MuleSoft launches iBeans for rapid web application integration

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News: MuleSoft launches iBeans for rapid web application integration

  1. MuleSoft, formerly MuleSource, announced the release of iBeans (short for integration beans), dramatically simplifying web application development and integration. iBeans leverage MuleSoft’s integration technology to bring powerful integration capabilities to web application developers. iBeans eliminate time-consuming and repetitive hand-coding and offer a simple task-based integration approach to developers for projects where top-down enterprise architecture is not required. iBeans are reusable integration components that can easily be created in minutes. Developers using iBeans can connect their web applications, written in Java or JavaScript, with other applications and external data sources, via Web Services, RSS feeds, RESTful services, AJAX events, message queues (e.g., JMS), and more. Ross Mason, CTO and founder of MuleSoft says, “Developers are seeing an increasing need to integrate their applications with a proliferating number of data sources and applications, including Web and cloud-based applications, as well as back-end data sources and services. iBeans allows them to do this with just a few simple annotations in their application code, without having to learn a new way of doing things. With the release of iBeans, MuleSoft introduces iBeans Central, a free repository of iBeans that is hosted in the cloud and is accessed via the iBeans console. iBeans Central leverages the power of Mule’s vibrant community, allowing developers to contribute and reuse iBeans for various integration tasks and services. The community has already contributed iBeans connecting to services such as Twitter, Gmail, Flickr, and Amazon EC2. To download, or for further information and documentation, visit: http://www.mulesoft.org

    Threaded Messages (43)

  2. So what iBeans are... They're basically proxies for services. You set up an iBean, and tell it how to call the service, and you get to leverage Mule's (impressive) messaging transports to do the work.
  3. What's new?[ Go to top ]

    Isn't this what they've always done? Proxied services? What's the new thing here? Marketing?
  4. Re: What's new?[ Go to top ]

    Isn't this what they've always done? Proxied services? What's the new thing here? Marketing?
    Proxying services is only a fraction of what Mule does. However, seeing that you didn't yet have a chance to look at what iBeans are (at least the documentation examples), it's hard to entertain such flame discussions. You're welcome to take a look :)
  5. Re: What's new?[ Go to top ]

    Isn't this what they've always done? Proxied services? What's the new thing here? Marketing?


    Proxying services is only a fraction of what Mule does. However, seeing that you didn't yet have a chance to look at what iBeans are (at least the documentation examples), it's hard to entertain such flame discussions. You're welcome to take a look :)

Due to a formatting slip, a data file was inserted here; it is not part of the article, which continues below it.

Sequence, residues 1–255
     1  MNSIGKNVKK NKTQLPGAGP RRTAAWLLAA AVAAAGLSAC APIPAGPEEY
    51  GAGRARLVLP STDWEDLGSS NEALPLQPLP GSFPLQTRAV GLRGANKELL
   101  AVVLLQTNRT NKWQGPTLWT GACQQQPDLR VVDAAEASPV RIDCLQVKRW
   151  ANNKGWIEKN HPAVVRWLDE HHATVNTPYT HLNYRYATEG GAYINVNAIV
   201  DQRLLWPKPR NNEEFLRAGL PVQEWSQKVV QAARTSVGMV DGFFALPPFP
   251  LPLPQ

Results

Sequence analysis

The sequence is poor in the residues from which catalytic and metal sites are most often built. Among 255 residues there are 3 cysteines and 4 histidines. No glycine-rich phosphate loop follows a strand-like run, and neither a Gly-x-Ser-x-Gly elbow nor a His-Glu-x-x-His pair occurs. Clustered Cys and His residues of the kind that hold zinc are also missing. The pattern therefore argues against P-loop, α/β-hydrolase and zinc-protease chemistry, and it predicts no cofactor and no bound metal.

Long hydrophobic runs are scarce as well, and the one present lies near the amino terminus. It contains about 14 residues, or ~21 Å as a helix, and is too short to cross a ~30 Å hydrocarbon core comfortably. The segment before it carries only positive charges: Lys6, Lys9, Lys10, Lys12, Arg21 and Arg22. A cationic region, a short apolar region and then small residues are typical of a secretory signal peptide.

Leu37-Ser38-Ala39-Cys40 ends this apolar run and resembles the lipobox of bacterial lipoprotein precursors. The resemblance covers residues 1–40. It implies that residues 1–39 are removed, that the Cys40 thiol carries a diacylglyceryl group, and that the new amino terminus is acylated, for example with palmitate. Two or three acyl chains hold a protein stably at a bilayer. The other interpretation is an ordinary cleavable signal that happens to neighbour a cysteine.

Flame discussions? I didn't see a flame - I saw a legitimate question about the motivation. Personally, I think it would have been nice to have the seven-word summary of what iBeans are somewhere, or even a 25-second elevator pitch that doesn't use marketing vagueness. This isn't a flame, I hope, but it'd be easier for ME if those things were more obvious.
  6. Re: What's new?[ Go to top ]

    Here's one from me (not exhaustive): iBeans does for typical web-systems what Mule does for larger set of apps, but without the learning curve of an ESB. Simple integration tasks (especially point-to-point) are kept simple. Next - it's not limited to Java. JavaScript can leverage the same power of iBeans. Better? :)
  7. Re: What's new?[ Go to top ]

    Here's one from me (not exhaustive): iBeans does for typical web-systems what Mule does for larger set of apps, but without the learning curve of an ESB. Simple integration tasks (especially point-to-point) are kept simple. Next - it's not limited to Java. JavaScript can leverage the same power of iBeans.

    Better? :)
    LOL, no! See, you're assuming that I as a reader know exactly what Mule does for a larger set of apps. (I do, but... I'm wearing my Everyman McReader hat right now.)
  8. Re: What's new?[ Go to top ]

    Sorry for the second reply in a row, but I suppose here's what I would LOVE to see: Stop telling me what they do differently, but tell me what they DO. Irony: the captcha for this post was "basic phooeys."
  9. Re: What's new?[ Go to top ]

    Sorry for the second reply in a row, but I suppose here's what I would LOVE to see:

    Stop telling me what they do differently, but tell me what they DO.

    Irony: the captcha for this post was "basic phooeys."
    Joe, here is what I did with iBeans. I wrote two lines of code to pull in real-time BART schedules. The two lines of code are below: @Call(uri = "http://www.bart.gov/dev/eta/bart_eta.xml") public Document getFeed() throws CallException; Now, I have an iBean to get realtime feed from BART. I can call my iBean from my JSP or java script. 30 minutes later ( 15 minutes figuring out BART's XML format), I have a fully functional web application that retrieves real-time BART schedules and parses the XML and tells me exactly when the next train is from Embarcadero station to Dublin. Hope this example helps.
  10. Re: What's new?[ Go to top ]